Sunday, February 28, 2010


for Sarah Hughes

Not for gold, but for love--

your arms light and supple like wings.

Little hawklet, eaglet,

skipping along the wind in the joy,

diamonds following your flying feet.

So desperate we’ve been, for so long.

Faces tight as tambourines jangling

our despair, our hearts pounding

prophecies of destruction.

We’ve moved in spasms,

like marionettes with tangled strings.

Perhaps there is no music,

no pattern anymore.

Perhaps there never was.

But here you are at last, lovely one,

here you are laughing

as you spin and spin perfection

all around the margins of the dark.

With nothing to lose, you lost nothing,

and nothing at last was lost.

MFCP. I wrote this during the 2002 Olympics, after watching Sarah Hughes win the gold medal. Remember? It was such a dark time, with the Iraq war in its terrible early stages, and she was such a delight to watch.

Saturday, February 27, 2010




Size: 2-4 Square Miles

Main Behaviors: See-sawing, Twigger-Call, Song

The size of a T. Rex pair’s territory depends upon the availability and variety of food sources. The male begins to claim a territory late in the dry season by standing on a hill or ridge of ground near the center of the desired area and See-sawing, while giving Song. Usually there is little competition, but occasionally another male will approach the See-sawing male while its back is turned and begin See-sawing without Song. When the intruder’s presence is recognized by the first dinosaur, a Display Fight generally ensues. The vanquished dinosaur will back away from the victor, who immediately continues See-sawing and increasingly loud Song. Females within the area watch these behaviors closely and initiate courtship immediately after Territory is established.


Main Behaviors: Side Hopping, Necking, Peel--Call, Bibble-bibble-Call

Once the male has established a Territory, an interested female will approach Side Hopping. If the male reciprocates, Necking and copulation follow very quickly, and continue for several hours. Females may travel great distances before they find Territories that are satisfactory and males that will accept them. This appears to be the case especially when food is scarce, perhaps acting as a control on population.


Main Behaviors: Horizontal Fluff, Twigger-call

The nest is built by the female alone, while the male watches to keep intruders away with the Horizontal Fluff display. The female scratches a rudimentary hole in the dust, and lines it with grass stems and dead fronds. Between five and twelve pale blue oval eggs are laid at the rate of one or two a day, and brooding begins after all eggs have been laid. The male shares brooding, and the non-brooding T. Rex will generally leave the area to hunt. Because eggs are one of the favored foods of carnivorous dinosaurs, nests are guarded closely. Observers have not seen a T.Rex consume eggs of its own species if the nest is guarded, but an unguarded nest, though very rare, is considered fair game.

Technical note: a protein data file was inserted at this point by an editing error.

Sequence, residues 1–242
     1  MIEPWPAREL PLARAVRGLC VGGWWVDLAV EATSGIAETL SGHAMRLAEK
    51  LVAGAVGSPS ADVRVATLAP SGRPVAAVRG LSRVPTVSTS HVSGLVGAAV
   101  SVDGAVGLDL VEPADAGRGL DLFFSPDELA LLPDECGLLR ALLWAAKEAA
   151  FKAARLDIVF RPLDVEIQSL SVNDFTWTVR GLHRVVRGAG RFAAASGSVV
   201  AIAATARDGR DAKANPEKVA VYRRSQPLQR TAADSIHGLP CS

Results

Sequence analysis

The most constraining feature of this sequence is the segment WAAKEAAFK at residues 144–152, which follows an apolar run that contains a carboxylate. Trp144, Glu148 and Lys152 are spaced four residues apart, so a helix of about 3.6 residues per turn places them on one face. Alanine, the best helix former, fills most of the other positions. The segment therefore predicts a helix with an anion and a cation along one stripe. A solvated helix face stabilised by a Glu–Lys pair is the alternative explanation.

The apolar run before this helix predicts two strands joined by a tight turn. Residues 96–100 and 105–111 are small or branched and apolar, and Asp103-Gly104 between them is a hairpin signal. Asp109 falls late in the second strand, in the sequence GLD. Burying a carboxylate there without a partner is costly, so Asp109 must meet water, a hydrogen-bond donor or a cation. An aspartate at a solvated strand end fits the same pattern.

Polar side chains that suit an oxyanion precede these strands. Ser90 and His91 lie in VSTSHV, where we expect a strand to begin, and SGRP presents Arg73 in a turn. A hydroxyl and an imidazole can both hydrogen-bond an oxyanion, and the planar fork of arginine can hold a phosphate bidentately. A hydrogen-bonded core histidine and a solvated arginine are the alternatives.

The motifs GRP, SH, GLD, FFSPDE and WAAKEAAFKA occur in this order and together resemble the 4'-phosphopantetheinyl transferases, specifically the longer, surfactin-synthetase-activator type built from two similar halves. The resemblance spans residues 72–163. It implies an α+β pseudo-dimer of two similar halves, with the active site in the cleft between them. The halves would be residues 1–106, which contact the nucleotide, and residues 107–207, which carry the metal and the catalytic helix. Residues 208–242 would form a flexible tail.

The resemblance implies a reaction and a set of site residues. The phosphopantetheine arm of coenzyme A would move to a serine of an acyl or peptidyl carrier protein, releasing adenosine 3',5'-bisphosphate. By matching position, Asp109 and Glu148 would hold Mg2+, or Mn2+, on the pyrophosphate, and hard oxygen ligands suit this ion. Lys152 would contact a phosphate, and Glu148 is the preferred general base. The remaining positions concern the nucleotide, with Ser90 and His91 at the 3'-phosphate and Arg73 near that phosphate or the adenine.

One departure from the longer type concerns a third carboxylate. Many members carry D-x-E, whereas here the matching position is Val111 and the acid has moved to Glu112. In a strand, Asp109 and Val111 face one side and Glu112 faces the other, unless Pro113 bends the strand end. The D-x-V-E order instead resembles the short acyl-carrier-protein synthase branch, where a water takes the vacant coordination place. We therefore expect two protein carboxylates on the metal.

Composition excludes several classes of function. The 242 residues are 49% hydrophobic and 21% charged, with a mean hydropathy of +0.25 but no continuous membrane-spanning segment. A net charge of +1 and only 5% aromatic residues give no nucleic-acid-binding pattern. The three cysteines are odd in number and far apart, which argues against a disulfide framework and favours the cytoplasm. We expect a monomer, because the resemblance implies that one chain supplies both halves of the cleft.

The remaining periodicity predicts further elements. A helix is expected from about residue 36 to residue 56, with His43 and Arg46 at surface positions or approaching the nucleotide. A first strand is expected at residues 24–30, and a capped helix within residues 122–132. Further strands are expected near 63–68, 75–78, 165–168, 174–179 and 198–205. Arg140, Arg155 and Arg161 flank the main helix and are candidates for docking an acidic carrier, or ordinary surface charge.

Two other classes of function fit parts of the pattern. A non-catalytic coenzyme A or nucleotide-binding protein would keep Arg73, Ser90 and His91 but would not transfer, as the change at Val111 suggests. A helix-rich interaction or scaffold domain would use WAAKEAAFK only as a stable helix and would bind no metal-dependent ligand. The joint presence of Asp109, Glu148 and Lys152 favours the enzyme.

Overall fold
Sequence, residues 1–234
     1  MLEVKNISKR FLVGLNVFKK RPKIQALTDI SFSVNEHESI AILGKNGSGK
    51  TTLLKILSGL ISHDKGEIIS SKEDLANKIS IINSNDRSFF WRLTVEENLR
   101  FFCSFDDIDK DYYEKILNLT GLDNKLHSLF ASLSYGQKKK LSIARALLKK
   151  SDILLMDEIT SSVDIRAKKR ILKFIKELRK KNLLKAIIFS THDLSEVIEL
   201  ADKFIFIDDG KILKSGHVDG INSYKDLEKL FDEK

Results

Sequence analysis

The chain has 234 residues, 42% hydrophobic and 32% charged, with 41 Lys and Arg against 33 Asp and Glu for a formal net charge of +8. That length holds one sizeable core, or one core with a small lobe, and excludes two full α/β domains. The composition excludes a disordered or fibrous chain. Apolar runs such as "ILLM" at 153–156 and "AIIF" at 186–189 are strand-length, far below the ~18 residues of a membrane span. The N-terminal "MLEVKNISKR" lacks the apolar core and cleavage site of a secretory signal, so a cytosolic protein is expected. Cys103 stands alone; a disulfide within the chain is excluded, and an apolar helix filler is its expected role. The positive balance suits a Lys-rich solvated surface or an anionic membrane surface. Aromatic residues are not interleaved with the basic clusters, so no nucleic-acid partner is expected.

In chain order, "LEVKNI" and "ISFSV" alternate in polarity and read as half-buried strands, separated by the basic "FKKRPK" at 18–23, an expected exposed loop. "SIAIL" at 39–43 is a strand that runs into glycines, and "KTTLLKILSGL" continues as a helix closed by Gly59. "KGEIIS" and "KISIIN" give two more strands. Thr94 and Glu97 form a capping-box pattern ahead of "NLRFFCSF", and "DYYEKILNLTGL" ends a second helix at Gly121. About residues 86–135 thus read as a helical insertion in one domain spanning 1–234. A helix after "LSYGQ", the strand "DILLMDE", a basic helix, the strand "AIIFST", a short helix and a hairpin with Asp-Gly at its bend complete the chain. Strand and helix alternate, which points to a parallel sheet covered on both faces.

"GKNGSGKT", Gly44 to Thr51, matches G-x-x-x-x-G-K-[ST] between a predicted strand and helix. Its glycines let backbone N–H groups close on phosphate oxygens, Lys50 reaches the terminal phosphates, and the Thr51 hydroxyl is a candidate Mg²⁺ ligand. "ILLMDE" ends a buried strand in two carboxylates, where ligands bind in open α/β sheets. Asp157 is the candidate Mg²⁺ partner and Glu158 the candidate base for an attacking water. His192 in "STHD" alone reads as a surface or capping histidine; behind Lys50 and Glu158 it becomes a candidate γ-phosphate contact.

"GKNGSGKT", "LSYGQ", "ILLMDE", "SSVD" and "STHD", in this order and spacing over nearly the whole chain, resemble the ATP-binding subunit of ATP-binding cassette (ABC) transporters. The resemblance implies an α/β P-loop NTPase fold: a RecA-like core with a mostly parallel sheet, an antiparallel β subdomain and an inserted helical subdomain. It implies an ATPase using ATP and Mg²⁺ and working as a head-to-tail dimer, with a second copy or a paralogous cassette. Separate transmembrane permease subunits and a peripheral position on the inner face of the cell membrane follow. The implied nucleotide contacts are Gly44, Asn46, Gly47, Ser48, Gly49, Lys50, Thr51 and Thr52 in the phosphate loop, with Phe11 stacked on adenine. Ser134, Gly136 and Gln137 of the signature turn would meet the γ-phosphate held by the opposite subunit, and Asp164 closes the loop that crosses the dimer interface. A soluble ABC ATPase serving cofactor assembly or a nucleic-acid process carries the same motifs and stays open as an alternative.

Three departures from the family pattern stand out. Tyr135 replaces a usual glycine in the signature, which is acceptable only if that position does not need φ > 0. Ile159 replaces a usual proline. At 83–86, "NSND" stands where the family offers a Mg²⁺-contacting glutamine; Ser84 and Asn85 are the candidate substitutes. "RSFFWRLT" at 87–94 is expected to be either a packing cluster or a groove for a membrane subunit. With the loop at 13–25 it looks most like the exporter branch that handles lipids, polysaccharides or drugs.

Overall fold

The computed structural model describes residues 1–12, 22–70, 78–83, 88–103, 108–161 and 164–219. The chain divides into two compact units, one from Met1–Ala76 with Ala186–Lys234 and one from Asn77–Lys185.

Nestlings and Fledglings

Main Behaviors: Side Hop, Begging, Horizontal Fluff, Peel-Call, Twigger-Call

Eggs hatch within a few hours of one another, usually during a two-day period. Nestlings are covered with fine dull gray feathers, which fluff out within a few hours. The nestlings are brooded by the female only, while the male hunts. He feeds the female first, bringing her large pieces of meat, then regurgitates a semi-digested “Tyrannosaurus Milk” to the young. Commonly only three or four young survive this stage, since competition for food is vigorous. After six or seven days, the young begin to leave the nest for short periods, but never stray far. The male then takes his turn guarding the young, freeing the female to hunt on her own. Both parents Feed. When the young are hopping about strongly--in about ten days--the parents lead them away from the nest, in single file, with the female (usually) in the lead and the male bringing up the rear. Along the way, both parents hunt small game and bring it live to the young ones who attempt complete the kill. After another week, the young generally hunt well enough on their own to venture short distances away from the parents, but the parents are still watchful, and remain so until the young are nearly full grown. During the entire period, the young are protected from predators by the parents, first by warning calls, then by direct attack, if necessary. However, once the young are half-grown, the only serious threats to them are environmental.

Group Behavior

Main Behaviors: Bibble-bibble-Call, Display Fighting (among males), Twigger-Call

After the nesting season is over, the T. Rex family groups stay together until mating season begins again. They hunt, sometimes cooperatively. When food is abundant, there is no competition between family groups, but in times of scarcity, both sexes may give the Twigger-Call, and males may engage in Display Fighting. Just before sunset, they settle on a rise in the land, often an old nest site, and the young run around for an hour or so until nearly dark, at which time the family group huddles together for warmth.

Near the beginning of the following dry season, the juveniles lose all but their head feathers and leave their parents. Each group of siblings will stay together for another year. They may form larger flocks with one or two other juvenile groups. When they reach sexual maturity at the age of three, these flocks disperse and the young dinosaurs go off alone to find their own Territories and mates.